Ant-Man & the Wasp Review #2: A Fun Marvel Hit, Until the End

Right off the bat, Ant-Man and the Wasp proves itself to be a great sequel, soaring beyond the mediocre narrative of 2015’s Ant-Man in the first half hour of the movie. Unfortunately, this rise above mediocrity is short lived as the movie falls back into another predictable storyline during the third act, proving that maybe this is just another standard superhero movie.

There was one asset that was the driving force of Ant-Man and the , outside of Paul Rudd’s always lovable comedic antics, and that is the emotion. A number of movies bank off of family relationships (Gamora and Thanos, Star-Lord and Ego, Black Panther and Killmonger, Thor and Loki, etc.). All things considered, this trope works great, and most people aren’t tired of it quite yet. The family factor was brought up a number of times, with Hope and Hank missing Hope’s mother Janet Van Dyne, with Scott wanting to be with his daughter, and even a rather tragic backstory for the new villain Ghost. Even for people who still have both of their parents, the tragedy of losing a parent still sounds devastating, which puts nearly every character in the movie on an emotionally personal level for the audience members.

The shining star of the movie is, obviously, Paul Rudd, who for the third time has proven that he was a great choice for the role of Scott Lang / Ant-Man. Unfortunately, one star who did not get the chance to shine was Evangeline Lilly, who played the character Hope Van Dyne / the Wasp. However, this really isn’t at the fault of the actress, who once again brought a truly badass performance to the table. Regrettably, despite the movie being titled Ant-Man and the Wasp, the movie still felt like a movie just about Ant-Man, with Hope once again taking a backseat as a supporting character. While Hope certainly did have a clear motivation, she did not have much development throughout the movie, which was incredibly disappointing considering on the movie’s title and marketing campaign.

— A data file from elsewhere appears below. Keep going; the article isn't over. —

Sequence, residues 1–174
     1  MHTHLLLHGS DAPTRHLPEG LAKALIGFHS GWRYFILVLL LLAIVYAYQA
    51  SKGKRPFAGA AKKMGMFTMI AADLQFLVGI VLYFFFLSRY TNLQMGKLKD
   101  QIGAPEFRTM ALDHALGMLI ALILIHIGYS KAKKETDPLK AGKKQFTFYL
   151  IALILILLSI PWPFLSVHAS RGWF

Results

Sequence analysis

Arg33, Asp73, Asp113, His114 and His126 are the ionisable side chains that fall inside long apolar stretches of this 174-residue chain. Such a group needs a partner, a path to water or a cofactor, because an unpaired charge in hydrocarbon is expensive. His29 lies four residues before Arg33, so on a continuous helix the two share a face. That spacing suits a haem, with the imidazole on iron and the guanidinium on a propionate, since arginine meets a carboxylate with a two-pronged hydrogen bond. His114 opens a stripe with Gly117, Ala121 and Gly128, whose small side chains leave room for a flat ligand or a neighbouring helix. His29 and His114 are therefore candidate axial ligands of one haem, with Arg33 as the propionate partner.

However, the biggest stumble for Ant-Man and the Wasp came in the last 15 to 20 minutes. Up until this point, the stakes of the movie kept raising, building up to some sort of enormous finale. Unfortunately, this finale came in the form of a brief scuttle between the two heroes and the villain that lasted about one minute, with every problem being easily solved shortly thereafter. Though this worked for the narrative, it still felt rather disappointing. While we certainly didn’t need an enormous fight between the heroes and villain at the end of the movie in the style of Man of Steel, there still needed to be stakes, consequences and risk in the final fight of the movie. Raising stakes and bringing up more problems are essential to a great third act, but only the first half of the third act included this, with every problem being easily solved with no issues during the act’s second half.

Besides these two glaring issues, the latest movie from Marvel Studios was an all around worthwhile trip to the theater. The action, the incredible visual effects, the emotion, and the comedy kept Ant-Man and the Wasp a truly entertaining superhero movie. Ant-Man and the Wasp was certainly an improvement from 2015’s Ant-Man, but unfortunately, there is still room for improvement should we get an Ant-Man 3.

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